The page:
Working Together To Find Affordable Housing Solutions
By Mark Romick, Alaska Housing Deputy Executive Director
Housing affordability is a critical challenge across the state of Alaska.
Whether looking to buy or to rent, the costs and lack of availability have made it difficult for many Alaskans to find safe, affordable housing. The issue is even more serious when it comes to affordable housing for lower income families.
Understanding What’s Behind The Housing Shortage
There are many factors that have led to the affordable housing shortage.
Housing inventory is low. Demand continues to increase. Building costs and interest rates are rising. Supply chain issues, workforce shortages and inflationary pressures (including on home heating fuels), are impacting every aspect of the industry.
These are some of the challenges I heard during a recent legislative panel I participated in that provided an overview of the affordable housing issue. The Alaska House of Representatives Labor and Commerce Committee invited us for a two-hour hearing to share our perspectives on some of the causes and challenges, as well as opportunities to work toward solutions for Alaskans.
The Importance Of Working Together
Collaboration between the public and private sectors is crucial, and is the Alaskan way.
Every community is unique, which allows local governments to use the full flexibility they have to incentivize development in both restricted and unrestricted housing.
Community-specific tools such as tax abatements, density bonuses, capital investments and other strategies are being used to assist in developing affordable housing throughout the state.
We have seen examples of this across Alaska. The Fairbanks North Star Borough Assembly recently approved a housing incentive for new construction of multi-family units. The Municipality of Anchorage has proposed tax abatements on accessory dwelling units (often known as “mother-in-law apartments”). And housing has been a hot topic in Juneau, where members of the Juneau Economic Development Council and Southeast Alaska Building Industry Association recently discussed the challenges.
Programs Are Helping Alaskans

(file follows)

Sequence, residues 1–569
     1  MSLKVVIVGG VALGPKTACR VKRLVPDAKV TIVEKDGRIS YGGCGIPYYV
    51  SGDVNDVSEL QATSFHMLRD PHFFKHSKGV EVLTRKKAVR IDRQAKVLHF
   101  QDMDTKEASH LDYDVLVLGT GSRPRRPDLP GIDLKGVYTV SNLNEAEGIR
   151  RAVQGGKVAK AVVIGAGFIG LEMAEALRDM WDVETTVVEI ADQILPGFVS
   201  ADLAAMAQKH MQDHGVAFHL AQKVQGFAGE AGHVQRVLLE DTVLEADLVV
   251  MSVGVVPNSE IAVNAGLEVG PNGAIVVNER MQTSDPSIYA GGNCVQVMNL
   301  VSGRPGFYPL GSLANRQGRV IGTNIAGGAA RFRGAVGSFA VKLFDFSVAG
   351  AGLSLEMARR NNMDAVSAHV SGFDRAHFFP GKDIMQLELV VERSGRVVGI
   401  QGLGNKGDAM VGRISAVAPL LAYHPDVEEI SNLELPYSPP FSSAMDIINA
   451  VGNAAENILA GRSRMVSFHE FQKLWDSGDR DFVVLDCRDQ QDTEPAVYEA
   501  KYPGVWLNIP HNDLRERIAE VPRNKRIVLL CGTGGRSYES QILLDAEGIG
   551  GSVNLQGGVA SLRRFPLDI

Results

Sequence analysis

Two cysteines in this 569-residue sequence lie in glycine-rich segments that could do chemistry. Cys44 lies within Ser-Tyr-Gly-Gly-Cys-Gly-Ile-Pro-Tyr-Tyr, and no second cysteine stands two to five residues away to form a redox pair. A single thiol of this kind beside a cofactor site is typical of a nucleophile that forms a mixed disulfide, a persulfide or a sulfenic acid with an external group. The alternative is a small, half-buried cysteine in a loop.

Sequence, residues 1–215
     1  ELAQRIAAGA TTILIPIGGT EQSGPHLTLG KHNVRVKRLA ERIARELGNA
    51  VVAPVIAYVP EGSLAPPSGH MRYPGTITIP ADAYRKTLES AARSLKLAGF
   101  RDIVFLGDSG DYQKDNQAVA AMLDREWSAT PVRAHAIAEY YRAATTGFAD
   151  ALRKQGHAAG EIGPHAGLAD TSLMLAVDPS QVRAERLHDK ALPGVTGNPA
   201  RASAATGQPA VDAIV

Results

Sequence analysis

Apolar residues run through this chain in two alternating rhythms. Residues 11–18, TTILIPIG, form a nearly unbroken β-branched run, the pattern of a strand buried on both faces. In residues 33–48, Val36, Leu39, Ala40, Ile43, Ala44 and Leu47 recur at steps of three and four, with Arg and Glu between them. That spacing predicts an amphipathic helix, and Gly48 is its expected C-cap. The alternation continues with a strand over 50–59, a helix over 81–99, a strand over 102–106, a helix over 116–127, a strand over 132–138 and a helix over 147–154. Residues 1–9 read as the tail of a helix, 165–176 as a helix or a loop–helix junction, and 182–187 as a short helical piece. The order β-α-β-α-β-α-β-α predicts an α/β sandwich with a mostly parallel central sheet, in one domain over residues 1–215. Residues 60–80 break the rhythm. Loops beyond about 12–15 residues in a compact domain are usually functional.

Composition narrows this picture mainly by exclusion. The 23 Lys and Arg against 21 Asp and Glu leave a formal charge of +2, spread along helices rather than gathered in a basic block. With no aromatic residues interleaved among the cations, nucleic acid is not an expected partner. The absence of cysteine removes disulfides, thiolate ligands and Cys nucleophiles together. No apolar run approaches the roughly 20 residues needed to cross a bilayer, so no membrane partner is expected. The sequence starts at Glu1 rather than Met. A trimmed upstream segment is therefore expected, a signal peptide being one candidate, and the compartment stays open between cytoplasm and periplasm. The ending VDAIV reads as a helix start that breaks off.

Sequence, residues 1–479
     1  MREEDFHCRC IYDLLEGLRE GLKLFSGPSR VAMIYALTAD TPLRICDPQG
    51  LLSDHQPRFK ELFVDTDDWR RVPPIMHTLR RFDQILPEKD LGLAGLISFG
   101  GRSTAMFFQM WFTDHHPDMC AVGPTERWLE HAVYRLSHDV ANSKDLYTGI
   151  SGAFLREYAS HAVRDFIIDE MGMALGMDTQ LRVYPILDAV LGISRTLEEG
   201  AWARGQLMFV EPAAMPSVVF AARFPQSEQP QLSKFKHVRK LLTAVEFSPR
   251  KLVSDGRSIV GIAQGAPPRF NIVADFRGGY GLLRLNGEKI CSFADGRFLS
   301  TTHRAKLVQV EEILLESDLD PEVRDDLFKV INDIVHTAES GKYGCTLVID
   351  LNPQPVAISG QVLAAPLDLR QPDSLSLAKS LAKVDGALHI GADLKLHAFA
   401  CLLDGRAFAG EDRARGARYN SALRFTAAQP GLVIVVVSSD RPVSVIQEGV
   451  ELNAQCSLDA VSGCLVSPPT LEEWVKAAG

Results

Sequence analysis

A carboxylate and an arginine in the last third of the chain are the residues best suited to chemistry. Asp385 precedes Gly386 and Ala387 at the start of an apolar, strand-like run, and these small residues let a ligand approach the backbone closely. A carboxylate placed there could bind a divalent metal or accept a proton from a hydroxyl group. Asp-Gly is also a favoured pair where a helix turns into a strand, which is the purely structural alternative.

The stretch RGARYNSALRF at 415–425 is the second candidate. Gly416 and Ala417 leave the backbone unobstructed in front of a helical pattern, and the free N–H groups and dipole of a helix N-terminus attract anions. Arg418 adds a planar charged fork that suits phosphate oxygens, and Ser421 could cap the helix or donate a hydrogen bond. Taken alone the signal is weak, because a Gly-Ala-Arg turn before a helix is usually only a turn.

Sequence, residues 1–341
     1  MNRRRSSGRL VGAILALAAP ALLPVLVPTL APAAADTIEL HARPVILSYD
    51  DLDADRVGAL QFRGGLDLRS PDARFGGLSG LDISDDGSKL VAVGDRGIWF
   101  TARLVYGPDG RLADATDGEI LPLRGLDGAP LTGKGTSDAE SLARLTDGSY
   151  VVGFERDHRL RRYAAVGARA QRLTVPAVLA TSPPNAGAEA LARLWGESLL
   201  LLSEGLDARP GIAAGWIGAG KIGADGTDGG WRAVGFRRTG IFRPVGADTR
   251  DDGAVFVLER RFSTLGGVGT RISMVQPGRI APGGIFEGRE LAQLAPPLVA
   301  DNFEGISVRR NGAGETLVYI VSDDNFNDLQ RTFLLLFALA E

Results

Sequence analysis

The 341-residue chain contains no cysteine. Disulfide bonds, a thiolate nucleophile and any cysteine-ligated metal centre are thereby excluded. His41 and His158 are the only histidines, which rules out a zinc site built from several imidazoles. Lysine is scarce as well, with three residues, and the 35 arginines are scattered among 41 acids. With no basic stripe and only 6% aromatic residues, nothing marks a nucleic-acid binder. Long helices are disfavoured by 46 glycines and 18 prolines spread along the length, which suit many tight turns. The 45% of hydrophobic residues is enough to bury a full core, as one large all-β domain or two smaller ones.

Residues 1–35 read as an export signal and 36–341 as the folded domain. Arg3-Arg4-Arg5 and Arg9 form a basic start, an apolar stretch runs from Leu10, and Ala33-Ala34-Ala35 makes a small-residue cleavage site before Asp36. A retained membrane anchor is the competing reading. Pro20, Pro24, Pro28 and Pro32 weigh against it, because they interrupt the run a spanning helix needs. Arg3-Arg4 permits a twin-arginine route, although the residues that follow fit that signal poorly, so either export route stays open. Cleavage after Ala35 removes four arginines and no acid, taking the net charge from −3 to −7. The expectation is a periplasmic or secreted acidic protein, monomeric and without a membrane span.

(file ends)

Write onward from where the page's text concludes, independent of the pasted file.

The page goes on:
Creating more housing is a necessary, long-term step in addressing the issue – and there is no one-size-fits-all silver bullet solution.
Alaska Housing Finance Corporation continues our collaboration with partners across the state to provide options for individuals with affordable housing concerns and to share the experiences we’ve had as a leader in this conversation for the past 50 years.
That history is among the reasons why Alaska Housing Rent Relief was set-up last year by policymakers in AHFC. It has since provided more than $256 million in funds and assisted nearly 66,500 Alaskans. We also recently closed the application period for Alaska Housing Homeowner Assistance, but not before more than 10,000 applications were submitted.
Lastly, AHFC, in conjunction with multiple organizations statewide, has developed a homeless stabilization program that places homeless families and individuals into housing as quickly as possible.
Since the program began in February, more than 245 households have been helped with 329 individuals currently housed. The possibility to help even more Alaskans is tremendous, thanks to the federal funding we received through various COVID-19 recovery bills.
A Commitment To Alaskans
Many of the housing challenges we are facing existed prior to COVID-19; however, the issues have in many cases become more pronounced because of the pandemic. Our recent work demonstrates how, through a combination of collaboration and grit, our partnerships are making a tangible difference in the lives of Alaskans.
We welcome continued dialogue about how to expand access to safe, quality, affordable housing and invite you to visit our website for programs that may be relevant in your communities so that together we continue to rise to the challenge of meeting the needs of Alaskans.